Microsoft official: Study group killer not Facebook killer

Microsoft has officially unveiled, and contrary to Facebook-challenger expectations it's a hybrid system pulling together social networking and search and targeted at students. Found at, the new tool allows "montages of visual web content" including photos, video and text to be constructed and shared for collaborative editing and discussion, as well as "video parties" for real-time conversation.

Students are expected to build communities with similar research goals, and Microsoft is targeting those on social media courses who may lack the collaborative tools that other disciplines have. " might even give students the ability to create their own social tool," Microsoft suggests, "customized for their own community."

Searches through are automatically shared for public consumption, allowing others to chime in with their own thoughts. Facebook login is used for authentication, but content isn't automatically shared to the social network, at least by default.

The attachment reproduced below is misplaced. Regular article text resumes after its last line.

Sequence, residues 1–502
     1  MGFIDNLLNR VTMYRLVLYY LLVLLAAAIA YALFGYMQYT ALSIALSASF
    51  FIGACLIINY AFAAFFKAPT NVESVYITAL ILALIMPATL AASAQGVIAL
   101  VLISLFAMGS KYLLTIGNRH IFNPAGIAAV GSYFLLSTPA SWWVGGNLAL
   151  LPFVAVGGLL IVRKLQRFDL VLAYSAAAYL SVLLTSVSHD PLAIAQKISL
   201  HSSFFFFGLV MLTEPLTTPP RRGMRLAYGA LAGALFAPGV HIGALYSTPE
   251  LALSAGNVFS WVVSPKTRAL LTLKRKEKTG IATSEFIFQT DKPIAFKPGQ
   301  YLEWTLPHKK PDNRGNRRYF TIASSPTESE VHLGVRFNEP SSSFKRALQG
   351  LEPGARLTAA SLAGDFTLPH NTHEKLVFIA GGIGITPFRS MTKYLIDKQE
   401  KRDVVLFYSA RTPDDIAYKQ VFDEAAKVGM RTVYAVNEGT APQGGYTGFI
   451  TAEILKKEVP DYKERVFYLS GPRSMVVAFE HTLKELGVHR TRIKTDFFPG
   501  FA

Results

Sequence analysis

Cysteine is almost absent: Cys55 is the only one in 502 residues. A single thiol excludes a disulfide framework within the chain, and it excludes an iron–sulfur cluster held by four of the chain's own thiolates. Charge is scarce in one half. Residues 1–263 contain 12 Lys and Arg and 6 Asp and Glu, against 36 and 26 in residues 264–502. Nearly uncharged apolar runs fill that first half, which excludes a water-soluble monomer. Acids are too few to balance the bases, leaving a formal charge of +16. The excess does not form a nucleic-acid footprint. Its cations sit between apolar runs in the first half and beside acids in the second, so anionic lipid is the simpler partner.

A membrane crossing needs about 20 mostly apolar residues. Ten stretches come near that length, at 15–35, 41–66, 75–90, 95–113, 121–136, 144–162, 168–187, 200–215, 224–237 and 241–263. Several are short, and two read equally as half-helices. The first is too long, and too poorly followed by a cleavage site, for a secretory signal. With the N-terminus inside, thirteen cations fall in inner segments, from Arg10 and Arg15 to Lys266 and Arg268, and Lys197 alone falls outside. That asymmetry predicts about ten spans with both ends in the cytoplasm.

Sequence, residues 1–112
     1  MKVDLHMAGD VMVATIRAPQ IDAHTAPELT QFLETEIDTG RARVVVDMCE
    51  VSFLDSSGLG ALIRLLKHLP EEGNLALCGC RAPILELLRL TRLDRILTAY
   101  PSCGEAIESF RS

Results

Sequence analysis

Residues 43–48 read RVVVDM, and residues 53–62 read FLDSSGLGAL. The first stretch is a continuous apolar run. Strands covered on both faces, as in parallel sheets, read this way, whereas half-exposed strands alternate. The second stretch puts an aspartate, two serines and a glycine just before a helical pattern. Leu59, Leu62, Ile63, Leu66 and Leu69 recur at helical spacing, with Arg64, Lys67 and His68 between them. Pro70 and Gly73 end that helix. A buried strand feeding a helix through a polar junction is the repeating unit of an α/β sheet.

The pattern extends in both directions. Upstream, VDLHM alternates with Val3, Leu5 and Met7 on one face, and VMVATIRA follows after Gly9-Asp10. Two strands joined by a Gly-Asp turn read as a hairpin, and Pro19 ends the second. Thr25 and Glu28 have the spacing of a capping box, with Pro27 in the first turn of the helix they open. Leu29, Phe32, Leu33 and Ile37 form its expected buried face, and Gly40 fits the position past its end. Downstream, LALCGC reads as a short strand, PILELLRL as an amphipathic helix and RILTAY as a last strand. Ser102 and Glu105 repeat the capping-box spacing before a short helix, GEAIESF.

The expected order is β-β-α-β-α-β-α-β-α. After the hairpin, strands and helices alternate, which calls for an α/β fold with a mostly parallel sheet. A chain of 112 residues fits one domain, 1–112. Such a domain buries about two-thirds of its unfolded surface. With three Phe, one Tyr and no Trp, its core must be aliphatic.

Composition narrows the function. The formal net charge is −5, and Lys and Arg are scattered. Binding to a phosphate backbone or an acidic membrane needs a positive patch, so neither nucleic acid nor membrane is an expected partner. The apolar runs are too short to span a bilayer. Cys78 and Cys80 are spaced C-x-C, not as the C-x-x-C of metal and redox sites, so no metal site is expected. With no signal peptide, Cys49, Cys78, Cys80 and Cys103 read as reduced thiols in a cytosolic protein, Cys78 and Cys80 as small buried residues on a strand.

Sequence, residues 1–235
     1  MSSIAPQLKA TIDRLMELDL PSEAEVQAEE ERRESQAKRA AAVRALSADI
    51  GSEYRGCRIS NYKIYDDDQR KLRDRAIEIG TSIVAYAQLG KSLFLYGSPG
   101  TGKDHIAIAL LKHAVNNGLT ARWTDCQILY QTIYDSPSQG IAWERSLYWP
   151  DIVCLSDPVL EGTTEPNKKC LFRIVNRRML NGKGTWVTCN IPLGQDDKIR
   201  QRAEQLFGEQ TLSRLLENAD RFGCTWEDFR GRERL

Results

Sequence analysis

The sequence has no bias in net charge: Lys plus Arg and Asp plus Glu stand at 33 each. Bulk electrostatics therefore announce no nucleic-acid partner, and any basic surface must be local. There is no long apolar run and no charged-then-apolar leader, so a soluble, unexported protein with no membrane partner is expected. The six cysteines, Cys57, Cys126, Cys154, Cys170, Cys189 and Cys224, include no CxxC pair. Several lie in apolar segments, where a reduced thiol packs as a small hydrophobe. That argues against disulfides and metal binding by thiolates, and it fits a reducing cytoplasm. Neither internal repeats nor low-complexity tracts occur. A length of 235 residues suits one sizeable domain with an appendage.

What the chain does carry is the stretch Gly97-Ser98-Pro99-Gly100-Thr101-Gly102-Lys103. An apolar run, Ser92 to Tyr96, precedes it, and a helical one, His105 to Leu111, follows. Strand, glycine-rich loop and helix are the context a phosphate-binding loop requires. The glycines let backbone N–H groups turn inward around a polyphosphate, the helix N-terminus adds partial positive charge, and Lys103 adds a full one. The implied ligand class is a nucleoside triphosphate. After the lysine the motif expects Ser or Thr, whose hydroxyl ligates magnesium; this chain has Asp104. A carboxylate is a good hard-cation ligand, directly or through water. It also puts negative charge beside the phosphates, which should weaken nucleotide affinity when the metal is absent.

"The search experience is powered by Bing; we use the public Bing APIs to display search result data. As students work together, they often look for the same content, and discover new shared interests by sharing results. These results can be web pages, images, or videos found through Bing" Microsoft

Rather than throwing it open to the public, Microsoft is currently limiting to a select number of schools. That starts with students in information and design schools at the University of Washington, Syracuse University and New York University, with others on the roadmap. However, it's unclear what plans – if any – there are for general availability.

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